[council] IDN Food for Thought

Mawaki Chango ki_chango at yahoo.com
Wed Jun 14 20:00:36 UTC 2006

Bruce & Council, especially IDN Task force,

I am due to travel this weekend, attending an academic
conference at the Havard Law School next week and hopefully from
there onward to Marrakesh. With all the work involved including
the parallel and after hour events I will need to attend to
discuss some research with the other collegues, I will try but
am not sure I will be able to make it for the upcoming calls on

I have prepared some comments and put forward some guiding
principles that I joyfully name "axioms," but of course you may
call them guidelines or principles, or whatever. They are based
on my current understanding of the issues, and I'm opened to
discussions. You may want (or not) to consider them during your
discussion on the calls, and if I'm not there, I will catch up
in Marrakesh. 

Olof, if relevant, please consider as input for the next
iteration of the report. The comments are in the attached file,
as well as in plain text below.
Thanks for your attention.



June 14, 2006

The quotes are from the IDN Issues Report dated 9 May 2006, with
the page number [in brackets]

"These two approaches [DNAME-records and NS-records] are not
mutually exclusive. Accordingly, if both are technically
feasible, one of these approaches will not preclude the use of
the other, pending policy considerations." [p. 3]

Does this mean that one approach might be chosen for one IDN-TLD
and the other for another IDN-TLD? Assuming that it is excluded
to implement both approaches to the same IDN-TLD, does it imply
that once the “policy considerations” dictate a choice, only
that choice will be implemented for all IDN-TLDs?

"DNAME records imply a situation where the operator of an
existing TLD would map it into some other script equivalent,
either synonymous to or a transliteration of the original TLD.
NS records allow the creation of a new TLD that can be proposed
by any entity regardless of whether it is currently operating a
top-level domain or not." [p. 3]

The policy issues the community is faced with derive from
assumptions that can only be addressed by replying to one
fundamental question that is three-fold (which is somehow also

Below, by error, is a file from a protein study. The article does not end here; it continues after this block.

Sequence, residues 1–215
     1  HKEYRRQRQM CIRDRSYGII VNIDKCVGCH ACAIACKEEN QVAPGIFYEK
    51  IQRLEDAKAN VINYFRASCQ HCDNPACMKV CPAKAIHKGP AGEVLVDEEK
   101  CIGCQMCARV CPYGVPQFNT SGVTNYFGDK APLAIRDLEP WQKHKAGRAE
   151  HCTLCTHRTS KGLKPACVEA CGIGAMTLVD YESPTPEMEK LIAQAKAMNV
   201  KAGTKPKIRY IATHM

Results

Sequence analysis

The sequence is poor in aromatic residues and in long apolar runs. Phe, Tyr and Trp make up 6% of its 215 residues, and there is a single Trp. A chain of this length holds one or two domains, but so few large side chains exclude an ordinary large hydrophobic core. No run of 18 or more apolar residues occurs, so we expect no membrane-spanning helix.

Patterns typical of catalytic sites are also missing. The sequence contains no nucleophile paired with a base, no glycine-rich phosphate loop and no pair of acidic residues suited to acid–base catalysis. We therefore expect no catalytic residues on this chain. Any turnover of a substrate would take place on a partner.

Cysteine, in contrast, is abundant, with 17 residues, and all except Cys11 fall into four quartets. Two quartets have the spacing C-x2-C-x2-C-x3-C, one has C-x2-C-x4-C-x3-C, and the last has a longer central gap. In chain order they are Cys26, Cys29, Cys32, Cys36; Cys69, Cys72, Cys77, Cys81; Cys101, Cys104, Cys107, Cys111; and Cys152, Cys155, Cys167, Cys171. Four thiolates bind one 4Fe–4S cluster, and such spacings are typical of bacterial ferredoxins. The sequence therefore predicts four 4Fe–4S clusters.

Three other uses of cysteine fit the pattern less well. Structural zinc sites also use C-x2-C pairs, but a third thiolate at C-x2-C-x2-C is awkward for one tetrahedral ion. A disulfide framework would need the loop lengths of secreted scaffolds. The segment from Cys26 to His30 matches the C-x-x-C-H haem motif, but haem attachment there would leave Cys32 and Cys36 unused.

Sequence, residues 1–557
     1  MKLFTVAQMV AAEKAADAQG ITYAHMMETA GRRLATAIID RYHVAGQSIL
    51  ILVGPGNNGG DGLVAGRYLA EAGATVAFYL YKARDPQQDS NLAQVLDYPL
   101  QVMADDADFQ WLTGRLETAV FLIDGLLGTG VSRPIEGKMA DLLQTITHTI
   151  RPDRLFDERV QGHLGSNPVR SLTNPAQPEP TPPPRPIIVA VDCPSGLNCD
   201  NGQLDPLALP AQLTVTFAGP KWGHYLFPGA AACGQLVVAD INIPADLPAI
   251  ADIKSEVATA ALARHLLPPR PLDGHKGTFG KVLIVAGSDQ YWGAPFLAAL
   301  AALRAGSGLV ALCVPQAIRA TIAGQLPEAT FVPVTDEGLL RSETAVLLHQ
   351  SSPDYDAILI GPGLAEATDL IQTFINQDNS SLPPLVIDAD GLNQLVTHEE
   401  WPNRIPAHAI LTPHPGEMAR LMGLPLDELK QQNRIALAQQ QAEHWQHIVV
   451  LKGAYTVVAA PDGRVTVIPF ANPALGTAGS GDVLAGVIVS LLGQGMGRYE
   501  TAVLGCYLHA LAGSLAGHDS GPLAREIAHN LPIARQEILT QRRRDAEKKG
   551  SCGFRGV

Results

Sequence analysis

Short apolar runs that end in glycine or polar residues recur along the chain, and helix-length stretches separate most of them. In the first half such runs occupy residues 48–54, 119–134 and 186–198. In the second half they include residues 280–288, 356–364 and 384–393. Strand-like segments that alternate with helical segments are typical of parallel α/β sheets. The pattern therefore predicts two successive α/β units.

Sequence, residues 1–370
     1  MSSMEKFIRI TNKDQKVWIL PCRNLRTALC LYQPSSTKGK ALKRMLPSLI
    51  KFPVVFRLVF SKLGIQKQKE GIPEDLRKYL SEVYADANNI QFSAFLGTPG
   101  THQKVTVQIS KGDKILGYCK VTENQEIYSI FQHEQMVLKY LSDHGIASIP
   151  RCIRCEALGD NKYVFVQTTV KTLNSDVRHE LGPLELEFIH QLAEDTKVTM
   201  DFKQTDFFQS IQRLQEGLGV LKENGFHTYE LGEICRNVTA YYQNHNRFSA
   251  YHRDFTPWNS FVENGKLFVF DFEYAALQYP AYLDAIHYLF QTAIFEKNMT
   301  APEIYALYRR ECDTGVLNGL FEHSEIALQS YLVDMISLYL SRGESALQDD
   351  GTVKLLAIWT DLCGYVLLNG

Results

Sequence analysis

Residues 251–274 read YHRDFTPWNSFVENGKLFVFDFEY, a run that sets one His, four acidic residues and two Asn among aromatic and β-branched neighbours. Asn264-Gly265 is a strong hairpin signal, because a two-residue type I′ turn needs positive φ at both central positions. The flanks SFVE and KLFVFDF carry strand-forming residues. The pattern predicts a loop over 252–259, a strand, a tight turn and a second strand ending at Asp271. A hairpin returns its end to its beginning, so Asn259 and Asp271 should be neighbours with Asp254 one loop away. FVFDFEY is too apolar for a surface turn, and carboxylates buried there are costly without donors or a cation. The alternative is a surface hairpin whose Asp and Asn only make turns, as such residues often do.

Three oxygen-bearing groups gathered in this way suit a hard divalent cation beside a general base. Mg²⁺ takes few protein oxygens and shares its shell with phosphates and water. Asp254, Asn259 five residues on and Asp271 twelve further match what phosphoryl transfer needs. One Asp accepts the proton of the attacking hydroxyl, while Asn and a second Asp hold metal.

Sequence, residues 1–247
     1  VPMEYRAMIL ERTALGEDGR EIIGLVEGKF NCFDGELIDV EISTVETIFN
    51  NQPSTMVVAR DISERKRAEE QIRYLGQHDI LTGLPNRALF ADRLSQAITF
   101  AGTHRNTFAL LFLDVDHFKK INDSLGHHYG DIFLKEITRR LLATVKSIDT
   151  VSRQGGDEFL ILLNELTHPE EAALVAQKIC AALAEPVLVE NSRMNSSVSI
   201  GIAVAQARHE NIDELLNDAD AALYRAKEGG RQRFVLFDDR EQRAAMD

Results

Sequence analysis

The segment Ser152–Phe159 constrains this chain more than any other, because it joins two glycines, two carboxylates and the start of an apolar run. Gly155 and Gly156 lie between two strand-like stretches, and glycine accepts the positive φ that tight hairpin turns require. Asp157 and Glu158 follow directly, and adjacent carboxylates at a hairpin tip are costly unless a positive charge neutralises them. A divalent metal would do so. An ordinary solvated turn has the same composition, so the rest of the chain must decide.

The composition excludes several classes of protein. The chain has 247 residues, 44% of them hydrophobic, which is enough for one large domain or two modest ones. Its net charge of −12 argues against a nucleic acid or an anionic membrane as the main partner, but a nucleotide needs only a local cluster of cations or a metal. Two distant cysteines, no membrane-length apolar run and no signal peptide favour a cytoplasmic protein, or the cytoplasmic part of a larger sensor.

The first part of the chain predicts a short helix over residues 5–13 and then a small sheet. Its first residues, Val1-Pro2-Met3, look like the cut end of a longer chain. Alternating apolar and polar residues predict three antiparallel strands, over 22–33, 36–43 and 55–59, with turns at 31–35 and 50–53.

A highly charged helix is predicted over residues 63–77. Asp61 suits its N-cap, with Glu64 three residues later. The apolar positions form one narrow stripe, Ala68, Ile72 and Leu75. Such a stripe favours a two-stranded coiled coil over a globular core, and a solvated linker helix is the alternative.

related to the two technical approaches above put forward). The
question is: 
1) Will all the IDNs (incl. those mapping an internationalized
equivalent onto an existing TLD) be treated as new gTLDs?
2) Or will they always be treated merely as translation/
transliteration of an initial TLD.
3) Or a mix of the two approaches: IDNs that (semantically) map
onto existing TLDs will follow 2) and those completely
(semantically) new will follow 1).

Each of the above options leads to serious policy & political
issues that will need to be assessed. Given the dynamics and the
rationale behind the increasing demand for IDN, it might be
worth considering as an axiom (though it may be seen as a
postulate or premise).

"During these discussions, the need to connect to the ongoing
policy development process for new gTLDs was also highlighted,
with a view to map the IDN-related issues to the issue areas
already identified in the ongoing PDP for new gTLDs, notably
selection criteria, allocation methods and contractual
conditions." [p .4]

Axiom 1:
Each IDN, that is, each IDN label shall, to the fullest extent
possible, be considered and processed as a new TLD – either it
is meant to be generic or country codes, at least for management
purpose. However, at political level, it must be recognized that
any IDN-ccTLD shall enjoy the same prerogatives as the ccTLD,
especially with regard to the sovereignty of the related

The five policy issues enumerated (a, b, c, d and e) on p. 5
nail down to three policy-scenarios, distributed over country
codes or generic names: 
1)	Application by an incumbent registry for an IDN based string
that relates to the TLD it has been operating;
2)	Application by a third party for an IDN string that relates
to an existing TLD operated by another registry;
3)	Application by a party for a totally new IDN-TLD.

"What are the advantages and drawbacks of having a TLD (<.tld>)
and its internationalized equivalent (<.idn-tld>) in the same
TLD or in two different TLDs? 
- In particular, is there a policy preference to have domain
names under <.tld> and <.idn-tld> resolve to the same website or
to different sites? 
- Ancillary aspects are whether <idn-domain>.<idn-tld> should be
the same as <idn-domain>.<tld>, whether the registrant of
<domain>.<tld> also should have <domain>.<idn-tld> and similar
aspects regarding combinations with <idn-domain>.<tld> and
<idn-domain>.<idn-tld>?" [p. 6-7]

"Provided that an internationalized equivalent of a TLD exists
as <idn-tld> in some script, should there be a policy for what
script(s) may be used at the second level, such as
<idn-domain>.<idn-tld>? In other words, should the script used
on the second level match the script used in top-level? Given
that, with specific exceptions, mixing of scripts is prohibited
on the second level, should the same rule apply to the
top-level?" [p. 7-8]

First, it must be understood that the demand for IDN is not just
for the sake of having colorful strings in the DNS; it is deeper
than that, and it will renew and expand the Web contents. It is
more likely that the website behind a domain name under
<.idn-tld> will have a different form of content, adapted to the
community that uses the related IDN script, from the
corresponding website for the same domain name under <.tld>.
This will be even more so when the domain name itself will be in
IDN format, i.e. <idn-domain>.<idn-tld>. Thus, there should not
be a policy preference that could prevent both domain names to
resolve to different websites.

Though it is desirable to have an homogeneity throughout levels
of the DNS, it is clear that a lot of languages will still